Baptism is one of the seven sacraments and the first of the sacraments of initiation into the life of Christ and His Church. Like all the sacraments, it can be considered from a wide variety of angles: How it was instituted, how it is celebrated and by whom, what it accomplishes, what it demands of us, and so on.Our Lord Himself stressed the importance of baptism, commissioning his disciples to go out to all nations, baptizing them in the name of the Father, the Son and the Holy Spirit (Mt. 28:19). The least understood aspect of this baptism is probably the nature of baptismal grace, and what it accomplishes. The Catechism contains a clear and well-organized treatment of this very question.Those who come to Faith as adults naturally wish to be baptized, but there has been a tendency in our own day to undervalue and even postpone infant baptism, which is also frowned upon by some Protestants. For this reason, we are wise to revisit the Congregation for the Doctrine of the Faith's statement on this important topic in 1980.Finally, since baptism is so obviously the ordinary means by which we are claimed for God, the question of whether salvation is possible for unbaptized infants is of great concern. At the request of Popes John Paul II and Benedict XVI, the Vatican's International Theological Commission has recently issued a thorough examination of this difficult question.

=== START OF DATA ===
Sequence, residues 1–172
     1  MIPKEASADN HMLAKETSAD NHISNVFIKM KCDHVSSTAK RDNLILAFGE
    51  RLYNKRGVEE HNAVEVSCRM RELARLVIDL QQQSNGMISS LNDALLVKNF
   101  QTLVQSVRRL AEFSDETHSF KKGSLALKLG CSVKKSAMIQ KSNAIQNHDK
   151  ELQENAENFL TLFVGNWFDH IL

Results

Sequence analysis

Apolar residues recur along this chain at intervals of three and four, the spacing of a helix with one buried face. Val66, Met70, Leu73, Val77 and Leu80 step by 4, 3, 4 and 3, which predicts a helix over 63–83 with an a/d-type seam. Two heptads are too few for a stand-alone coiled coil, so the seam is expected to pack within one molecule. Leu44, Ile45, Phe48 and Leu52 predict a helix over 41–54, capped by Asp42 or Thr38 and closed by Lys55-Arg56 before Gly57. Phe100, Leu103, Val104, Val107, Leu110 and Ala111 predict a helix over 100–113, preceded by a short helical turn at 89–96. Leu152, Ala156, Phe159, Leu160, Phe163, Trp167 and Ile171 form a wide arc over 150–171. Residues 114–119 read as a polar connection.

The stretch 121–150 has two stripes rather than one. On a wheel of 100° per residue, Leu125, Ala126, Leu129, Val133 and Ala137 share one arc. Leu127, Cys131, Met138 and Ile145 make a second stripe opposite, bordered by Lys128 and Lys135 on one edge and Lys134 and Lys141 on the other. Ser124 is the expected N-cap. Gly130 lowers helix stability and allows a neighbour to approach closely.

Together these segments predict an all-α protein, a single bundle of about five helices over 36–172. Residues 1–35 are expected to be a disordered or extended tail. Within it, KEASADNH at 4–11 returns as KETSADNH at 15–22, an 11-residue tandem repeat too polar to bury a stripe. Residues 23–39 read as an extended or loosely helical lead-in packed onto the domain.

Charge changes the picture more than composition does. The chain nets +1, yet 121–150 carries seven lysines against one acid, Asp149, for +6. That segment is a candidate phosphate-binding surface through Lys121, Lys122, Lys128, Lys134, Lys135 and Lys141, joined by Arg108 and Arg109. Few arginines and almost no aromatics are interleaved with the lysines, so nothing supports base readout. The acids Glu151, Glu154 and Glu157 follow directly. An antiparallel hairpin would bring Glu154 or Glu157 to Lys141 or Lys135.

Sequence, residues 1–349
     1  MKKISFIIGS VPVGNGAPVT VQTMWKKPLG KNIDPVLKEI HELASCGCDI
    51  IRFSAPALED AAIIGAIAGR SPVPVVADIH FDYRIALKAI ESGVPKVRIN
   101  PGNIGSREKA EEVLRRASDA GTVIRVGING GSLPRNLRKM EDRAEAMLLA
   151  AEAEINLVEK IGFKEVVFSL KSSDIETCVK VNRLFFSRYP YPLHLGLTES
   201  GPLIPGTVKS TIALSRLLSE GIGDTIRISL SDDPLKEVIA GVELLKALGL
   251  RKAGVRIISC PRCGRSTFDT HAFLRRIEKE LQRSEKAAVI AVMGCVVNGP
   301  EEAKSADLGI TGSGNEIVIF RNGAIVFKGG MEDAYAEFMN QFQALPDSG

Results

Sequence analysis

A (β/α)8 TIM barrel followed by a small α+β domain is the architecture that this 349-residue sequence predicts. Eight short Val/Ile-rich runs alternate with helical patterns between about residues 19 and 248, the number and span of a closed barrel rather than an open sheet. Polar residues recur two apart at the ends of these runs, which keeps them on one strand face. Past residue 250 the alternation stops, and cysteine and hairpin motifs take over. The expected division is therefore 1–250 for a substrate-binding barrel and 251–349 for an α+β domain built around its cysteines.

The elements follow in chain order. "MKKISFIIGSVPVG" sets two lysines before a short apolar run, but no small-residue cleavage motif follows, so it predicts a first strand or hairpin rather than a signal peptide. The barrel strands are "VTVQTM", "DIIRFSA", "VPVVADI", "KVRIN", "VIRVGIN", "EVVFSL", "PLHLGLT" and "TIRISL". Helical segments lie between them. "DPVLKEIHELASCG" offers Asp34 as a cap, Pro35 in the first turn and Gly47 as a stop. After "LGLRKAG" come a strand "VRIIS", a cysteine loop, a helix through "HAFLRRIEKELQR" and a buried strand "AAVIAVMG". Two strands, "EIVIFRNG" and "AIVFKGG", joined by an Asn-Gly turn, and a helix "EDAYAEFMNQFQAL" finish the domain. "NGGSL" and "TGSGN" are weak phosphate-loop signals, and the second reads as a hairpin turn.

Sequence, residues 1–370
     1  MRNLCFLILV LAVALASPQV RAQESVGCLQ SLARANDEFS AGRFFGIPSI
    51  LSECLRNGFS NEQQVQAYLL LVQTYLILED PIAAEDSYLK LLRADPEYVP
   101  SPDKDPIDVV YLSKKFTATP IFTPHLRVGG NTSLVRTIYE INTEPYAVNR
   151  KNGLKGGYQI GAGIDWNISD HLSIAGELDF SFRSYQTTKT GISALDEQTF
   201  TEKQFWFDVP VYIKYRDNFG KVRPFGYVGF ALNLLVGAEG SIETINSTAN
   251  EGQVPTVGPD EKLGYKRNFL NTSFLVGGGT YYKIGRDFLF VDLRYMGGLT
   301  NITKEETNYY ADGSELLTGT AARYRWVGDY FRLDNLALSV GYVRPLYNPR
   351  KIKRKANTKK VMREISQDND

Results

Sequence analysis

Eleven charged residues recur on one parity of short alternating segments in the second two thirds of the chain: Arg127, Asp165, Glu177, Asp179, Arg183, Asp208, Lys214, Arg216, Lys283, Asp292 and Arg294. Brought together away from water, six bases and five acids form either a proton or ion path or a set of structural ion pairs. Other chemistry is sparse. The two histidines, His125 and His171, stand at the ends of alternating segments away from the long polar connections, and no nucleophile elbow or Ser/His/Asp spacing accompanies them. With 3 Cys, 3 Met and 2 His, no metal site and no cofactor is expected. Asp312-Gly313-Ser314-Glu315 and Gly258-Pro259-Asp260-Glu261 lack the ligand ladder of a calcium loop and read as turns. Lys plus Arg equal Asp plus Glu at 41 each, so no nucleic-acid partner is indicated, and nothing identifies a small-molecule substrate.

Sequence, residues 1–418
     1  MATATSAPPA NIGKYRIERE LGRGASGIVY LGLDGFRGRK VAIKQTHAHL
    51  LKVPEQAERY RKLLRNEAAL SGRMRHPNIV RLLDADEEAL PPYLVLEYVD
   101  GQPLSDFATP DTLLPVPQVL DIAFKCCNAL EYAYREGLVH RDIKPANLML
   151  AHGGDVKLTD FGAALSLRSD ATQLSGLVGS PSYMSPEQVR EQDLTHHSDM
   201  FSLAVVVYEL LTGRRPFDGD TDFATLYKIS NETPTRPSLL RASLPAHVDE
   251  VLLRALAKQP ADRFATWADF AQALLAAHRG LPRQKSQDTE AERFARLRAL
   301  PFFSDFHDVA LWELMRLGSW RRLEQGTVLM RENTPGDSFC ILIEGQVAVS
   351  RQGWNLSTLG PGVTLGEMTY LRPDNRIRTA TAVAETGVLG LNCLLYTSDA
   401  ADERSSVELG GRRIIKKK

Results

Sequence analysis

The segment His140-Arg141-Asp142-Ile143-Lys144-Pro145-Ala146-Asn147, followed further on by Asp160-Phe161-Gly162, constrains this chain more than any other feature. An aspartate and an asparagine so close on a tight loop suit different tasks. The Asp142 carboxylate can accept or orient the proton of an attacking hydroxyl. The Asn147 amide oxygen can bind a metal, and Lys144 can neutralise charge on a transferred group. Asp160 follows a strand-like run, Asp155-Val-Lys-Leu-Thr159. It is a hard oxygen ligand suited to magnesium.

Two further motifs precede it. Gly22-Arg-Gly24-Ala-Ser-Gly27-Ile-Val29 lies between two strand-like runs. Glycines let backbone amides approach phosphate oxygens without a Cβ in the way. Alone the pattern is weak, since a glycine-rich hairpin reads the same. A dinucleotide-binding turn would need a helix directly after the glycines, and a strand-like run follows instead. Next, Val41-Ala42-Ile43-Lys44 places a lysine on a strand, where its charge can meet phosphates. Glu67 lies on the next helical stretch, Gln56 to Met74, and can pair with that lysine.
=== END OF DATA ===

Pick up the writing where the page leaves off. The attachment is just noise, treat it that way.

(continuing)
If you only have time to look at three things, LOOK AT THESE.
- The Catechism on the Grace of Baptism
- Instruction on Infant Baptism
- The Hope of Salvation for Infants Who Die without Being Baptized
And if you've got more time...
The Catechism of the Catholic Church devotes one of its four major parts to “The Celebration of the Christian Mystery”, which contains two major sections on “The Sacramental Economy” and “The Seven Sacraments of the Church”. All the various aspects of baptism are succinctly covered in the latter section, in the chapter on “The Sacraments of Initiation”, under the article entitled The Sacrament of Baptism.